For a non-anthropocentric appraisal of tree value, Bertenthal turns first to the Lorax, a character from the eponymously-named book of another famous children’s book author, Dr. Seuss. A dominant understanding of the tale reads the Lorax as an environmental guardian of trees, caring empathically for them and giving voice to their needs.2 Although the trees in The Lorax are no longer valued simply for how they benefit humans, Bertenthal suggests that a continuing problem with the guardianship model as a corrective for law’s propertization of trees is the power asymmetry it embeds, however well-intentioned. Bertenthal finds a recent interpretation of the Lorax character as actually forming part of the trees’ ecological system a more hopeful rendering of the representation she is advocating for. Her vision is a form of legal representation where tree (and other nonhuman) voices can be less mediated by humans who wish to speak for them but do not share their vulnerability. Bertenthal also calls for a form of legal representation that acknowledges that trees do not speak with a singular voice and that a lot will be lost in translation and will remain unknown to humans even when we care deeply and wish to protect trees.
It is in a courtroom scene in Richard Powers’ tree-centered novel, Overstory, that Bertenthal finds a model for how the law can listen to and learn about trees in a different register. In Overstory, a botanist is asked to be an expert witness to convince a judge to rule against a logging company. She tells the judge about who trees are through what trees and forests can do, basically convincing him as to their need to be protected from death. But she also shares that, as a human, even one who is an “expert” in trees, she can only know so much and that there is much more that trees and forests have to impart if humans are to be able to understand them.
Bertenthal offers up the botanist’s testimony in this novel as an example of how humans who care about the lives and flourishing of trees (and presumably other nonhumans) can speak more ethically about rather than for trees. This is because the testimony envisions legal representation as partial translation, a translation in which we acknowledge the limits of being human. Bertenthal reads the botanist as not speaking for the trees, but for herself. Her advocacy and contribution in that moment is to allow the love and empathy that she has for trees help the legal decision-maker see “tree being,” rather than merely seeing trees as property. The botanist’s advocacy thus illuminates the injustice in our normal relations with trees.
I recommend Bertenthal’s piece not so much for her specific prescriptions about representing trees or other nonhumans, but for the overall non-anthropocentric imprint her fluidly-crafted argument leaves on its reader. One might come away unswayed that the guardianship model or the act of speaking for is as flawed as Bertenthal argues. But one will not come away unaffected by the literary analysis or the need to think more deeply about the flaws of legal anthropocentrism and the violence it enacts on trees and other beings devalued as “nature” and subordinated as “property.” Bertenthal reminds us that questions about legal standing for other species will require that we “stand up for” (but not speak for) them and will also invariably require us to “stand aside.” (P. 369.) The article presses the point that we must write a different and better legal narrative or story for other species, one where humans are no longer the central characters.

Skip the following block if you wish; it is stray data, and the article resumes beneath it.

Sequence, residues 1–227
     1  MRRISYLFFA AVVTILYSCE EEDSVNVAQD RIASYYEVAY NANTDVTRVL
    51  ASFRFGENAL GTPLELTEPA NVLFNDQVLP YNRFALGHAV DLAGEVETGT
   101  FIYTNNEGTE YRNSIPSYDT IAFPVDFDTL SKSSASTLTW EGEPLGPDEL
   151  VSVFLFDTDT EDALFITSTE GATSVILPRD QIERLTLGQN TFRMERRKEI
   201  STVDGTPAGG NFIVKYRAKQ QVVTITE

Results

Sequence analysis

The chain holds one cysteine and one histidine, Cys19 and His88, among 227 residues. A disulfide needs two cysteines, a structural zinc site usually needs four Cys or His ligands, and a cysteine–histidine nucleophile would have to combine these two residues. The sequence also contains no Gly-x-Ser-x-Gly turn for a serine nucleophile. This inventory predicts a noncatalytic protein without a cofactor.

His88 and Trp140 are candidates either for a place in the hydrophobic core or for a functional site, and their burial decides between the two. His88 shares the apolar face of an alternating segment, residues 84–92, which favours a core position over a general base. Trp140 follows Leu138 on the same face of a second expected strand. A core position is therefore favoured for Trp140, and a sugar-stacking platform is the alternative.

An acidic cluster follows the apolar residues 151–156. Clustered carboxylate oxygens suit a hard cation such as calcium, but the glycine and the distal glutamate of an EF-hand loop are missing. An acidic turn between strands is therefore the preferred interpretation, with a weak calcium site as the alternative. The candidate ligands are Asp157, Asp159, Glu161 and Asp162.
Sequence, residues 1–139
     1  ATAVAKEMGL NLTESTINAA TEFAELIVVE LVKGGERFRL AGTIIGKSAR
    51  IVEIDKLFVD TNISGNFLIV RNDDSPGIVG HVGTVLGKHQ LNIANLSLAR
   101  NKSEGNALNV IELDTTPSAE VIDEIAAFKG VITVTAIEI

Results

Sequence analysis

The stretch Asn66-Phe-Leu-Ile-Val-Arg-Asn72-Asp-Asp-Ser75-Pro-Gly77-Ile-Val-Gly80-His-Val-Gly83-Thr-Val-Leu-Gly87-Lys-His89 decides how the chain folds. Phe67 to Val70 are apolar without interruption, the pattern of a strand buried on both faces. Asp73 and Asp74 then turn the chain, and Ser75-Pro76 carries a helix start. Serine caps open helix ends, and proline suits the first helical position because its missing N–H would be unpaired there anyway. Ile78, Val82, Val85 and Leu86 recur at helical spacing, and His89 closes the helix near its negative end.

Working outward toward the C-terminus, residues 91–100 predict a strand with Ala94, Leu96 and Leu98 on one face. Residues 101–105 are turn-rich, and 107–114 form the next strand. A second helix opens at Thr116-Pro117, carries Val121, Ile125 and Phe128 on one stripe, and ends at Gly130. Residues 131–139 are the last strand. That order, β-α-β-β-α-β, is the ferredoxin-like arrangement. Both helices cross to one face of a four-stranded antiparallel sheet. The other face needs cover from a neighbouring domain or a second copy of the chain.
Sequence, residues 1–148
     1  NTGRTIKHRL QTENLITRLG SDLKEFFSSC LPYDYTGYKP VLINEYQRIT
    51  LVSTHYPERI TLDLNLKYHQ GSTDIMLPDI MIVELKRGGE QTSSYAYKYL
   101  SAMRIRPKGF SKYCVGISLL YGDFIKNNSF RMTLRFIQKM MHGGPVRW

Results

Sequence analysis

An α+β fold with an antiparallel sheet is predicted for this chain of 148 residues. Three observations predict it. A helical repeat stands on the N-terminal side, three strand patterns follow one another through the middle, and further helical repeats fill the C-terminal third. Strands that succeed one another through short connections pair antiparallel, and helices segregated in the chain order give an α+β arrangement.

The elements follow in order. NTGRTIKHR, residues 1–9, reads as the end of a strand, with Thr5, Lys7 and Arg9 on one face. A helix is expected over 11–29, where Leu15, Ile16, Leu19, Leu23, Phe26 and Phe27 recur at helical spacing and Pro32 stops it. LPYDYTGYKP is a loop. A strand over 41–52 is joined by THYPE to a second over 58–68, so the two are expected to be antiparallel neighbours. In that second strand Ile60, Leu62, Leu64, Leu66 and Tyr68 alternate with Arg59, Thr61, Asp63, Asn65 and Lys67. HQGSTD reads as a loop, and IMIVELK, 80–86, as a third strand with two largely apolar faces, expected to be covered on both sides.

Property Law instructors seeking to infuse their teachings with more critical content should teach Bertenthal’s article. We know that teaching critical content in law school about inequality and injustice, particularly to those anxious to learn the law and not critique it, can be challenging. This is so even when we do not ask students to reconsider who has formal legal subjectivity in law and who doesn’t. Imagine what happens when we do ask this question.
In my first six years of teaching, I taught Property Law to 1Ls. I always raised the normative question about what/who is property. Most years, I included a module introducing students to animal law scholarship promoting legal personhood for animals. These classes were daunting, eliciting the denial and overall defensiveness that often ensues when adults are asked to confront the subjectivity of the living, sentient subjects many of us eat or whose milk or eggs we appropriate.3 One year, prefacing a module about the physical dimensions of land ownership, I also raised the question about whether trees should be property, thinking this would go over better. I put Christopher Stone’s classic article, Should Trees Have Standing? in the readings and read Shel Silverstein’s iconic children’s book, The Giving Tree, to the class, both of which are sources Bertenthal mentions. Whether my adult students felt infantilized by the latter or didn’t love the classic children’s book as much as I did (for what I perceived as its objection to a sacrificial life for a tree), I am not sure. But this intervention also fell flat.
If I were to teach Property again, I would include Bertenthal’s article to do the heavy critical lifting. Her analysis is peppered with literary references to possible childhood favourites that students can relate to, and it also has an inviting, literary quality itself. Without compromising its hard-hitting message against law’s anthropocentric exclusions, it has the potential to bring along even the most ardent proponents of human exceptionalism to consider the claims of nonhumans and the urgent need for law to respond to multispecies realities and complexities.
- Kallis v. Sones, 208 Cal.App.4th 1274 (2012).
- It is worth noting that Dr. Seuss’ works have been criticized for their exclusionary tropes, and Dr. Seuss Enterprises has recently announced that 6 books will cease to be published due to racist imagery. The Lorax is not in this list and, as Bertenthal notes, has received acclaim as a pro-environmental text.
- Why We Love and Exploit Animals: Bridging Insights from Academia and Advocacy (Kristof Dhont & Gordon Hodson eds., 2020).